HISTORIC PROPERTIES: Based on the available information (including applicant's report titled “Kennecott Tailings Expansion Project (Northeast Area), Salt Lake County, Utah: Results of a Class III Cultural Resource Inventory,” no cultural resources were identified within the project's area of potential effect. The Corps will initiate consultation with the State Historic Preservation Officer under Section 106 of the National Historic Preservation Act, as appropriate.
ENDANGERED SPECIES: The project would not affect any Federally-listed threatened or endangered species or their critical habitat that are protected by the Endangered Species Act. The Corps will initiate consultation with the U.S. Fish and Wildlife Service, pursuant to Section 7 of the Endangered Species Act, as appropriate.
The above determinations are based on information provided by the applicant and our preliminary review.
EVALUATION FACTORS: The decision whether to issue a permit will be based on an evaluation of the probable impacts, including cumulative impacts, of the described activity on the public interest. That decision will reflect the national concern for both protection and utilization of important resources. The benefit, which reasonably may be expected to accrue from the described activity, must be balanced against its reasonably foreseeable detriments. All factors which may be relevant to the described activity will be considered, including the cumulative effects thereof; among those are conservation, economics, aesthetics, general environmental concerns, wetlands, historic properties, fish and wildlife values, flood hazards, floodplain values, land use, navigation, shoreline erosion and accretion, recreation, water supply and conservation, water quality, energy needs, safety, food and fiber production, mineral needs, consideration of property ownership and, in general, the needs and welfare of the people. The activity's impact on the public interest will include application of the Section 404(b)(1) guidelines promulgated by the Administrator, Environmental Protection Agency (40 CFR Part 230).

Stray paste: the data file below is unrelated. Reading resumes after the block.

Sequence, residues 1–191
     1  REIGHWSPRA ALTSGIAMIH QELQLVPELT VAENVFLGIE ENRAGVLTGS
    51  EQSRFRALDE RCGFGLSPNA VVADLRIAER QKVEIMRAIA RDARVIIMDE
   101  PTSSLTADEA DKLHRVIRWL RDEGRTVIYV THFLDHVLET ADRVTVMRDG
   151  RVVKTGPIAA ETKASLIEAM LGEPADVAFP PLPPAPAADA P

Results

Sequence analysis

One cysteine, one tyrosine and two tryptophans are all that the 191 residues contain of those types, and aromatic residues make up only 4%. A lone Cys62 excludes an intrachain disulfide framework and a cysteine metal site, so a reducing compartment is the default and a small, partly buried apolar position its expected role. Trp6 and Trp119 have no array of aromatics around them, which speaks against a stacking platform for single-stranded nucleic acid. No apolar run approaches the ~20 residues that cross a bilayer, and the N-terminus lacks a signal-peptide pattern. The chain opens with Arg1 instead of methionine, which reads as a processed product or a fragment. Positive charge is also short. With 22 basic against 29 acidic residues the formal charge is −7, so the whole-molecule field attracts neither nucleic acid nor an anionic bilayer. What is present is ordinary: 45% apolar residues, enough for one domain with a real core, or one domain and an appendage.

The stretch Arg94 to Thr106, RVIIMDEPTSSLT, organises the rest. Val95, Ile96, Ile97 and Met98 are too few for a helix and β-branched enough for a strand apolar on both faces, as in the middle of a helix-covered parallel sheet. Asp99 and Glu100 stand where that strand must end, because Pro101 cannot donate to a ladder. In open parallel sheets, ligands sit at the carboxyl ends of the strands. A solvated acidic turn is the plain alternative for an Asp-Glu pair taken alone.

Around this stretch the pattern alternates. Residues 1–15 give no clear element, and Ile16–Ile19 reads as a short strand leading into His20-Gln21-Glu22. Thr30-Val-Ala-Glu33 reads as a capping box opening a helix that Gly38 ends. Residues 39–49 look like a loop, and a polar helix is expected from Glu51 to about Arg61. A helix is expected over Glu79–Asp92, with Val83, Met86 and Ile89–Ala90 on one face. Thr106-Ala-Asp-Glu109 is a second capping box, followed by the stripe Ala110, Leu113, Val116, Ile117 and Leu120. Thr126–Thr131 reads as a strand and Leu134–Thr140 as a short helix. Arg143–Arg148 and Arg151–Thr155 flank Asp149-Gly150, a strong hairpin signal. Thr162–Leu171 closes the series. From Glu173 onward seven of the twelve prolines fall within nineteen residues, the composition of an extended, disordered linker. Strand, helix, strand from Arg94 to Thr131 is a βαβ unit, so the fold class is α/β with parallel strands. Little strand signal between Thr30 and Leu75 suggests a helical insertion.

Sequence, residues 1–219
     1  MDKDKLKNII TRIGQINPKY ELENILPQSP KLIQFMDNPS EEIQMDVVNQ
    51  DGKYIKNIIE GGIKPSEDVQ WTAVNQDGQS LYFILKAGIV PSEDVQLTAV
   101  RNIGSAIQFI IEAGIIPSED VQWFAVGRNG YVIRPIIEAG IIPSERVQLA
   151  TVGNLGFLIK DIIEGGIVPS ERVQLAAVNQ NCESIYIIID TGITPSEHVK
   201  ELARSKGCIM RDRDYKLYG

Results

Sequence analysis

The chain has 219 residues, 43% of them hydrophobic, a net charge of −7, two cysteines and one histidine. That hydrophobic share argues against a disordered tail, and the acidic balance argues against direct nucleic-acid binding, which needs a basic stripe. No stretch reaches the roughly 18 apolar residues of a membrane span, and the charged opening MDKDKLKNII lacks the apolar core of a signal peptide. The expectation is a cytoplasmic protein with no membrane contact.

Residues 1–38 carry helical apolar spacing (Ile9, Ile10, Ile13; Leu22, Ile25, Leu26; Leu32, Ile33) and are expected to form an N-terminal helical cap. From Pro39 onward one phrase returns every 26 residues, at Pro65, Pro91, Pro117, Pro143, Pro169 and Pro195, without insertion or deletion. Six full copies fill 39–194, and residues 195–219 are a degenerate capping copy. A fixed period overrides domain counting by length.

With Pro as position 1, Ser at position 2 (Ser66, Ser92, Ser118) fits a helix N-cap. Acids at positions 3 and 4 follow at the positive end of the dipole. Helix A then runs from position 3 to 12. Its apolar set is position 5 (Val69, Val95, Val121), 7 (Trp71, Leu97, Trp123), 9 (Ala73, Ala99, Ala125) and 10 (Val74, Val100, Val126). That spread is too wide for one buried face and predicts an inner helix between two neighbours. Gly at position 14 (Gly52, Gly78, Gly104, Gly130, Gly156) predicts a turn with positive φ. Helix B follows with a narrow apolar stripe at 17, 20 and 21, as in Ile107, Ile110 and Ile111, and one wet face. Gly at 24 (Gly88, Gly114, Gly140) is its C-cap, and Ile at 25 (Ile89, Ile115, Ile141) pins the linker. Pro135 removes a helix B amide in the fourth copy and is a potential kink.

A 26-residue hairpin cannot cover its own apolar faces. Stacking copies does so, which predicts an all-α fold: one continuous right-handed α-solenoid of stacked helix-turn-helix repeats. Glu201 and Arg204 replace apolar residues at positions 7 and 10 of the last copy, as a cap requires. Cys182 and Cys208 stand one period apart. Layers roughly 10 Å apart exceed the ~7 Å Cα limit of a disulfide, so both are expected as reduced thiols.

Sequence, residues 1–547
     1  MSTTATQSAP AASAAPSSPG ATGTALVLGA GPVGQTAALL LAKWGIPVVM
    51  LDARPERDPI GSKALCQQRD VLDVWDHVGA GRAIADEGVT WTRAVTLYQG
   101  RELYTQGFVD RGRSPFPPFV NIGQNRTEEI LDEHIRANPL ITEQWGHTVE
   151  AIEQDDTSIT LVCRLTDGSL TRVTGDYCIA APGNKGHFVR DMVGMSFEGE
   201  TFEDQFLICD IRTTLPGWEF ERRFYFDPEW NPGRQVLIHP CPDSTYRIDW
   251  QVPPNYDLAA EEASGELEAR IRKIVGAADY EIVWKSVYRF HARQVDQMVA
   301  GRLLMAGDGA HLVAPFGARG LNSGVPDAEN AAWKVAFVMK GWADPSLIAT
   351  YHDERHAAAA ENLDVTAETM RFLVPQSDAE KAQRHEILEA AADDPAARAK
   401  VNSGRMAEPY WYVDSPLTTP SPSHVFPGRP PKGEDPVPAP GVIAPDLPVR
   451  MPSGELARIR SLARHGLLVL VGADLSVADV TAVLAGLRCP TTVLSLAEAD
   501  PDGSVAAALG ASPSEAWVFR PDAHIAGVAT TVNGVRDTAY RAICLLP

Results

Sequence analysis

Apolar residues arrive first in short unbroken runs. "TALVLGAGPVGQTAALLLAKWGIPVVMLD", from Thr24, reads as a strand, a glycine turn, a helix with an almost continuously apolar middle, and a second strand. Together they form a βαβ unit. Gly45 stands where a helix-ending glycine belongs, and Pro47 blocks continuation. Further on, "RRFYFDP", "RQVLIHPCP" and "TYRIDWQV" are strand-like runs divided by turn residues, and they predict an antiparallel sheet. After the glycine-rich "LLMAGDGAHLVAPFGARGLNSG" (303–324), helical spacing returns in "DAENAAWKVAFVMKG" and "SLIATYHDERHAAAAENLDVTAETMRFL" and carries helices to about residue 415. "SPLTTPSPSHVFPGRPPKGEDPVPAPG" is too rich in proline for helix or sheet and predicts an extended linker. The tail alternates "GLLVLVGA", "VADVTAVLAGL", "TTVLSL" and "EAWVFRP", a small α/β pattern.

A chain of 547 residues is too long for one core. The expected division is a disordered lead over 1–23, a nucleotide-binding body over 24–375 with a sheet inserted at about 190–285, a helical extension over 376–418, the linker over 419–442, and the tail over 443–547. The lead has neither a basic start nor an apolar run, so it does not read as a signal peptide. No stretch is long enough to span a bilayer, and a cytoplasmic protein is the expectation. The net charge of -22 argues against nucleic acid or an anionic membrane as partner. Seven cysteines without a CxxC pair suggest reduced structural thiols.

The Corps is soliciting comments from the public, Federal, State, and local agencies and officials, Indian tribes, and other interested parties in order to consider and evaluate the impacts of this proposed activity. Any comments received will be considered by the Corps to determine whether to issue, modify, condition, or deny a permit for this proposal. To make this decision, comments are used to assess impacts on endangered species, historic properties, water quality, general environmental effects, and other public interest factors listed above. Comments are used in the preparation of an Environmental Assessment and/or an Environmental Impact Statement pursuant to the National Environmental Policy Act. Comments are also used to determine the need for a public hearing and to determine the overall public interest of the proposed activity.
SUBMITTING COMMENTS: Written comments, referencing Public Notice SPK-2009-01213-UO must be submitted to the office listed below on or before January 6, 2017.
Hollis Jencks, Project Manager
US Army Corps of Engineers, Bountiful Office
533 West 2600 South, Suite 150
Bountiful, Utah 84010
The Corps is particularly interested in receiving comments related to the proposal's probable impacts on the affected aquatic environment and the secondary and cumulative effects. Anyone may request, in writing, that a public hearing be held to consider this application. Requests shall specifically state, with particularity, the reason(s) for holding a public hearing. If the Corps determines that the information received in response to this notice is inadequate for thorough evaluation, a public hearing may be warranted. If a public hearing is warranted, interested parties will be notified of the time, date, and location. Please note that all comment letters received are subject to release to the public through the Freedom of Information Act. If you have questions or need additional information please contact the applicant or the Corps' project manager Hollis Jencks, (801) 295-8380 X 18, Hollis.g.Jencks@usace.army.mil.
Attachments: 6 drawings